How do I know when it is time to see a therapist?
It may be time to see a therapist when the problems you’re experiencing…
- are happening more frequently and are creating significant disrruption in your life or relationships.
- have become more painful over time. Things seem to be getting worse.
- have been going on, and on. And on. There seem to be more “bad” days than “good days.
Why do I need a therapist? Why can’t I just talk to a friend or a family member?
Our families and friends are great sources of support. We need them. Many times they have great insight or advice that can help us “cut to the chase.”Wherever possible, I help my clients identify and make use of the wisdom already around them.
Other times, our friends and family members are too close to the problem to help us get the perspective we need to make significant change. Professionally trained therapists can provide a valuable outside perspective of what might be going on and help you create an action plan to make positive change.
How does therapy work?
Therapy starts with a focused conversation about the problems or challenges you’re facing. For problems like depression or anxiety, that conversation will include a formal assessment. For other problems, this may involve asking another person who knows you well to answer some questions about how they see the challenges you’re facing and your ways of coping.
From that initial conversation and assessment, we collaborate to identify one or two goals you want to achieve. Your goals become the target we work toward. We create a treatment plan (think of a map) and identify specific action steps that will help you make progress toward your goal.
Each session will focus on helping you work toward your goal. When you’ve reached your goal, we celebrate your achievement and conclude our work. Many of my clients “graduate” from therapy in 6 to 10 sessions.
What are your areas of expertise?
Men struggling with pornography and sexual addiction come to me for help in recovering from their compulsive thoughts and behaviors. I’m continually upgrading my knowledge and skills in addiction treatment to help men find freedom.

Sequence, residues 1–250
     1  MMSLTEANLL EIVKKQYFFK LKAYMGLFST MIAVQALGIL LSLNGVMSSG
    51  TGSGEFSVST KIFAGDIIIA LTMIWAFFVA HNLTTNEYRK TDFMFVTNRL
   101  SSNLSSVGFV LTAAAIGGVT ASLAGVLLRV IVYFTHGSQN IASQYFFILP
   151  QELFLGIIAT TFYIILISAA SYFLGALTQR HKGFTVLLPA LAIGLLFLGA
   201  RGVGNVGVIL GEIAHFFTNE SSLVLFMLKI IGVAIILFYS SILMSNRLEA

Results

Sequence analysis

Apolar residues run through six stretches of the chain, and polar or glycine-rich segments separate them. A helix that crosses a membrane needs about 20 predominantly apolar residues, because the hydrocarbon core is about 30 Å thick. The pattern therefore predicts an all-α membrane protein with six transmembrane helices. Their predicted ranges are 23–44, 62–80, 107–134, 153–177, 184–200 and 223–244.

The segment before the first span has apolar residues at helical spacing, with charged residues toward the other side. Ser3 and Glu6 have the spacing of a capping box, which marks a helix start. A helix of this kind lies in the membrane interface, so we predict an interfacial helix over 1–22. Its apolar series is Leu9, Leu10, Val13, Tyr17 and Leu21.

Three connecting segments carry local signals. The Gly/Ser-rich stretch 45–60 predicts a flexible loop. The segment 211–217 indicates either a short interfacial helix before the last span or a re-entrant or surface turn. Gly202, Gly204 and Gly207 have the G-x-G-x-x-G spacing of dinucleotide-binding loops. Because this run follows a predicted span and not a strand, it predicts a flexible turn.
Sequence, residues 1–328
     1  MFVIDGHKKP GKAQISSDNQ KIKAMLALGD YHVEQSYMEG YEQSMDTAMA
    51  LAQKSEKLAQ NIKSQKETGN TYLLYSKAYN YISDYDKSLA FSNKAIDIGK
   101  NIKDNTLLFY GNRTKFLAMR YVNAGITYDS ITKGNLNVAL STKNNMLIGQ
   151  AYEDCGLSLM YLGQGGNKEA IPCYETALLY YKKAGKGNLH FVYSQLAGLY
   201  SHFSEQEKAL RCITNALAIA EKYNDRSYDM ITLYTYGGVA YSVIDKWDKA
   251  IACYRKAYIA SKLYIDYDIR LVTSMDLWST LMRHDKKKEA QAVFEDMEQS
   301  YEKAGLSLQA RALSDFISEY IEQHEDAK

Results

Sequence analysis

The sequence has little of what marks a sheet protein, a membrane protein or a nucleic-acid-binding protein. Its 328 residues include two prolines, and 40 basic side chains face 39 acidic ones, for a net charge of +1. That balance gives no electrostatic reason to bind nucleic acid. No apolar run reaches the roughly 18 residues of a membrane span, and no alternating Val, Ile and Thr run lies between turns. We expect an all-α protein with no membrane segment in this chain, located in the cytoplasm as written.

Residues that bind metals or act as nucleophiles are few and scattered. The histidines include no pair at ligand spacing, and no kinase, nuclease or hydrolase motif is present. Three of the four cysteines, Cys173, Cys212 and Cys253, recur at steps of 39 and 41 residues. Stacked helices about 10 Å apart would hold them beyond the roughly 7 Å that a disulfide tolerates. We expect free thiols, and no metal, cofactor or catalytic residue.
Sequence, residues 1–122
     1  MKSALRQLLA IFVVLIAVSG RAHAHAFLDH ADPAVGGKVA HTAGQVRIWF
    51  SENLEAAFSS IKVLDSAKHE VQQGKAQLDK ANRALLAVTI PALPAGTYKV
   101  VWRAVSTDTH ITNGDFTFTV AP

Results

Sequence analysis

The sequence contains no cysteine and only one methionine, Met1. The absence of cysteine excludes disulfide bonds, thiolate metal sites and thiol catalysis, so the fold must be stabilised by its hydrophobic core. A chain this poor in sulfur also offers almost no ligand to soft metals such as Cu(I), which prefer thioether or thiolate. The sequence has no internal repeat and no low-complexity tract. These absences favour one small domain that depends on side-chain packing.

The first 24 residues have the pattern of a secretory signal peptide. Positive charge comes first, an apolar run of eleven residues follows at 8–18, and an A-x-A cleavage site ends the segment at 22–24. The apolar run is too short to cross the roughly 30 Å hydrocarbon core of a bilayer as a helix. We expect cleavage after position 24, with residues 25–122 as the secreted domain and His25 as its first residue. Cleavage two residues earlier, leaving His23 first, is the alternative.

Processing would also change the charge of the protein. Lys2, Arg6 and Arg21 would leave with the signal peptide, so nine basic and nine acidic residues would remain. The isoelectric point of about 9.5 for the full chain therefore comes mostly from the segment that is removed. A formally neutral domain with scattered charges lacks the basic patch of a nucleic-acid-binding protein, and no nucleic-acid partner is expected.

Couples come to me for help with their relationship. I have completed Level I and Level II training in the Gottman Method of Couple Therapy, an acclaimed method of helping couples build a strong relationship.
Both men and women come to me for help with substance abuse, depression, stress and anxiety. I draw from a wide range of tools that have been demonstrated to be effective in helping people with these issues.
What is your education, license, and experience?
Doctor of Ministry (D.Min.) in Marriage and Family Counseling from Denver Seminary. 2004.
Professional development training program (Certificate of Completion). Addiction counseling from the Colorado School for Family Therapy. 2010
Licensed Marriage & Family Therapist. Colorado License # 746. Licensed in 2006.
Licensed Addiction Counselor. Colorado License # 202. Licensed in 2010.
I have over 5,000 hours of experience in direct and indirect counseling with individuals, couples and families.
Counseling is my second profession. For nearly 30 years, I was a Lutheran pastor.
How will I know if you are the right therapist for me?
You’ll feel heard, understood and respected.
You’ll have a sense that my approach – how I work with you– is a good fit for you.
You will have clarity about your goals.
You will have a specific plan to work toward achieving your goals.
You’ll leave the session with the belief that we talked about the things you needed to discuss.
You’ll be able to identify your own progress.
You’ll have the sense that your time and money were well invested.
(Some questions drawn from Miller, Duncan & Johnson (2002). Session Rating Scale).
How long are the sessions?
Most sessions are 50 minutes in length. If you want an extended appointment, 90-minute sessions can be arranged.
Do you offer online counseling?
After an initial in-person appointment, clients may request to meet online. For most clients, this is both convenient and effective.
What are your fees? Is counseling covered by my insurance?
A 50-minute session for an individual is $100. A 90-minute session with an individual is $150.
A 50-minute session with a couple or family is $120. A 90-minute session with a couple or family is $200.
Almost all health insurance plans provide some mental health benefits, although the specific amount of coverage may vary significantly from one plan to another. Contact your carrier’s customer service department to find out the benefits your plan offers.
I provide services as an out-of-network provider; I am not listed on any insurance panel. However, I will give you a receipt or “superbill” you can use to submit for any out-of-network reimbursement your contract might provide.
I have more questions. Do you offer initial an initial consultation?
I offer a 30-minute phone consultation – no cost and no obligation – to answer any additional or specific questions you might have. Call me today.
How do I get started?
Call me today.